The investigation into an incident at the Wyatt Detention Facility in Central Falls last week remains focused on how some protesters were struck by a pickup truck driven by a corrections officer and hit with pepper spray, Rhode Island Attorney General Peter Neronha said Wednesday.

About a half-dozen people were hurt when those events unfolded as demonstrators blocked an employee parking lot of the quasi-public prison on August 14. The investigation into what happened is expected to last weeks.

Neronha said 31 people have been interviewed about the incident so far, and that at least another 20 will be interviewed. He encouraged people with knowledge of what happened to contact his office, State Police or Central Falls Police.

Neronha said the focus of the probe remains “the operation of the vehicle itself,” and “the deployment of what is commonly known as pepper spray” – not the behavior of demonstrators.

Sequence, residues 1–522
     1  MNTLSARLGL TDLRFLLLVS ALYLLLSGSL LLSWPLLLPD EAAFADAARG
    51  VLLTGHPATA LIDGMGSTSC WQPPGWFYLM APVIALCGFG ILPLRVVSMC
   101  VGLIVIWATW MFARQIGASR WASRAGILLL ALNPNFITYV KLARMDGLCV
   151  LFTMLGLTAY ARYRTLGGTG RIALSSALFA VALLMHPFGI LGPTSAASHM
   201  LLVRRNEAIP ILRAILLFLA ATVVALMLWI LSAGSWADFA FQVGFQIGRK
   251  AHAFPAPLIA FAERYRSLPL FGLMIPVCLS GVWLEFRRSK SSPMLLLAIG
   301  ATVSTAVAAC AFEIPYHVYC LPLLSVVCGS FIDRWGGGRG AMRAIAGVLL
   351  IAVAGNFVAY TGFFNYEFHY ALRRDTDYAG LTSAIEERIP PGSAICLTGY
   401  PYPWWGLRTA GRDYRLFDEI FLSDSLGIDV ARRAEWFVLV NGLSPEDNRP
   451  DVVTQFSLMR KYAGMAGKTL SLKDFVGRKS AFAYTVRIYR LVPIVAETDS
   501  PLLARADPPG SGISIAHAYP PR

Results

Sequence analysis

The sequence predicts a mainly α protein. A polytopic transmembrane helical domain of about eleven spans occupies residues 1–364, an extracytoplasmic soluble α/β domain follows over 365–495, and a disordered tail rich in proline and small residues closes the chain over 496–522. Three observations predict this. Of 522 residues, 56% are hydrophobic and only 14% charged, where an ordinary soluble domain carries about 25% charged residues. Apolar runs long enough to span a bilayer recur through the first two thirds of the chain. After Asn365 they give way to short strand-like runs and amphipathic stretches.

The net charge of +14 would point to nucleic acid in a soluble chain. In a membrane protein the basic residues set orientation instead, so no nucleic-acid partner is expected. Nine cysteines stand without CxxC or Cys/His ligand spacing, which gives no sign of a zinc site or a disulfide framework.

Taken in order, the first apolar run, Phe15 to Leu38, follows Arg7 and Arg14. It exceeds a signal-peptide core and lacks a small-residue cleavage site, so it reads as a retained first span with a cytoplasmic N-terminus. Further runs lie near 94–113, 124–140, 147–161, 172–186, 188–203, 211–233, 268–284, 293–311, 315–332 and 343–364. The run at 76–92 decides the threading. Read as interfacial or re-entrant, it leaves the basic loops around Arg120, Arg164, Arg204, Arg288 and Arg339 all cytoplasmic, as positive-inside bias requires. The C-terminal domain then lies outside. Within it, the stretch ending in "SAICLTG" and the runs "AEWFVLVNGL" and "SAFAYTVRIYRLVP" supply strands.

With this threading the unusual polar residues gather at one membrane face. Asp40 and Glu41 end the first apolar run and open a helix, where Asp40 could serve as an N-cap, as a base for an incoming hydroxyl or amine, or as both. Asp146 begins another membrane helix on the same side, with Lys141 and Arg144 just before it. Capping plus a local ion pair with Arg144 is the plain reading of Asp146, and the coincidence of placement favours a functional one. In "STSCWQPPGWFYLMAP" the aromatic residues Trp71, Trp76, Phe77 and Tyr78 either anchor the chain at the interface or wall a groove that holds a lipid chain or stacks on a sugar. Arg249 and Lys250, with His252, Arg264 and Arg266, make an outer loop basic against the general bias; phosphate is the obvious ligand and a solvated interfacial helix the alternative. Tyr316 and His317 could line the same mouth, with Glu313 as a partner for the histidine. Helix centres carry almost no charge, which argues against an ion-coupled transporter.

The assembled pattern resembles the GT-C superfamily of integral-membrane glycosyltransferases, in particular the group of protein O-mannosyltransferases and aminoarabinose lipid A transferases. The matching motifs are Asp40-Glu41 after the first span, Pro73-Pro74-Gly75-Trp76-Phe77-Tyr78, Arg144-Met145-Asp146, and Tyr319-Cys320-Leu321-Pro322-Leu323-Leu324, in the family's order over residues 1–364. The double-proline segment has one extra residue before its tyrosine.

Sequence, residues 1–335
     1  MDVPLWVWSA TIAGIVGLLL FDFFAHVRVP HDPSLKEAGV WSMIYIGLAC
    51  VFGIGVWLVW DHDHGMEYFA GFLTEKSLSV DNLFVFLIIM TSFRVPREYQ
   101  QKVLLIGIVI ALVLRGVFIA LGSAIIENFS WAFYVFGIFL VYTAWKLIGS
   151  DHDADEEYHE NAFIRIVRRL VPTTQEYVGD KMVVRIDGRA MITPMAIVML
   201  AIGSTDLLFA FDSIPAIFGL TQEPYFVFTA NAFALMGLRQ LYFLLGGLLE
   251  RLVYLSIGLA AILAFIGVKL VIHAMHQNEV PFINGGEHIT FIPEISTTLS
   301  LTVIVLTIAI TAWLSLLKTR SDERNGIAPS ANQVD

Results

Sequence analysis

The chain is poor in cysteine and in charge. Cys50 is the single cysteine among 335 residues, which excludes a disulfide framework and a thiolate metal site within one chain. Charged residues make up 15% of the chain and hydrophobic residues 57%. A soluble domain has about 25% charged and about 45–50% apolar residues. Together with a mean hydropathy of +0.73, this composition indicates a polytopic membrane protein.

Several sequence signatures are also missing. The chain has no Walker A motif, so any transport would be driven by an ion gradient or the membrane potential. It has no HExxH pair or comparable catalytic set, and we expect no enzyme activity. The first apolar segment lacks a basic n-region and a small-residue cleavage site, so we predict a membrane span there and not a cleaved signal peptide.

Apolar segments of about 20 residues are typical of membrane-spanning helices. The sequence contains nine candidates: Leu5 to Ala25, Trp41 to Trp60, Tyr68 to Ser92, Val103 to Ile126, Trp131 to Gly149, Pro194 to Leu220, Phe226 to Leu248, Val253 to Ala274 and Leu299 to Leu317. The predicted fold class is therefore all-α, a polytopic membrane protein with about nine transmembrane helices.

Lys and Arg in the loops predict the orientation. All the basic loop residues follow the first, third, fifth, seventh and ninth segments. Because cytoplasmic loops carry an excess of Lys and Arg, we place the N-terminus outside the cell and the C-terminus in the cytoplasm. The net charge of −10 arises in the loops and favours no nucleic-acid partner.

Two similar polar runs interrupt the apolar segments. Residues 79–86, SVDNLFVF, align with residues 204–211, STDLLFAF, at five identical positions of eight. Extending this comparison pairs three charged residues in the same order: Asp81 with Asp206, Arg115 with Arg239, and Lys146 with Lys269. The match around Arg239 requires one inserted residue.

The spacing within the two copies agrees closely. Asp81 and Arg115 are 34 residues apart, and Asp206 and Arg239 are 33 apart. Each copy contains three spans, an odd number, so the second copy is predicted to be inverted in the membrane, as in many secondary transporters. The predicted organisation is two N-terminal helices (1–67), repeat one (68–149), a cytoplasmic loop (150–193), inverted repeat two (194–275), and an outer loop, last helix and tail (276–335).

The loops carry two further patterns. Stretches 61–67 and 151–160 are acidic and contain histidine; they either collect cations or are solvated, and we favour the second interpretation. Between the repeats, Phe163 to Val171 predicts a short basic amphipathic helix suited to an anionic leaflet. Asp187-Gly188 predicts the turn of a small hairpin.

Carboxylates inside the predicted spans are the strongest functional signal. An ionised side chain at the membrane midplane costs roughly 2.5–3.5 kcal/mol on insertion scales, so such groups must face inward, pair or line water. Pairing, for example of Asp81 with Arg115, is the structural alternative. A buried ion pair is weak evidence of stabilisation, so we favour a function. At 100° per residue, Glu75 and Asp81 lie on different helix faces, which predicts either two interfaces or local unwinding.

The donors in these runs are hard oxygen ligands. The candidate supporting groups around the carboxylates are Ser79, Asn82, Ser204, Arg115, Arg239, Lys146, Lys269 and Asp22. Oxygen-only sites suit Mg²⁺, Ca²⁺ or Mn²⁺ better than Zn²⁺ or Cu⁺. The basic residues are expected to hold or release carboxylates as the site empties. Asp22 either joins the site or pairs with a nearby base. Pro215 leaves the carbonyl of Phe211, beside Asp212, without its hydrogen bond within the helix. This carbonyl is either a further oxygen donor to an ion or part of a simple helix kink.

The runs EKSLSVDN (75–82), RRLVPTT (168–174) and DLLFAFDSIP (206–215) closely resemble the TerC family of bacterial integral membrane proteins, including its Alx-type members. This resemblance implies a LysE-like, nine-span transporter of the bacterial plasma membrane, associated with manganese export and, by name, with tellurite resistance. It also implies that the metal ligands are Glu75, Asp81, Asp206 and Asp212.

“That evaluation is underway with all possible speed, but we are committed to getting this right and getting it right, particularly in this instance – given the volume of information that is available to us – requires doing it with deliberation,” Neronha said during a news conference in his office.

He was joined by officials including State Police Col. James Manni and Central Falls Police Col. Daniel J. Barzykowski.

Barzykowski declined comment when asked if it was appropriate for correction officers to respond to the protesters blocking the prison’s parking lot.

Captain Thomas Woodworth, a corrections officer at Wyatt, resigned from his job there last Friday. Neronha declined comment on whether Woodworth has been interviewed by investigators.

On Tuesday, critics of Wyatt held a Statehouse conference and called for state officials to close Wyatt. Neronha said he hasn’t focused on whether the state has any standing to close the prison.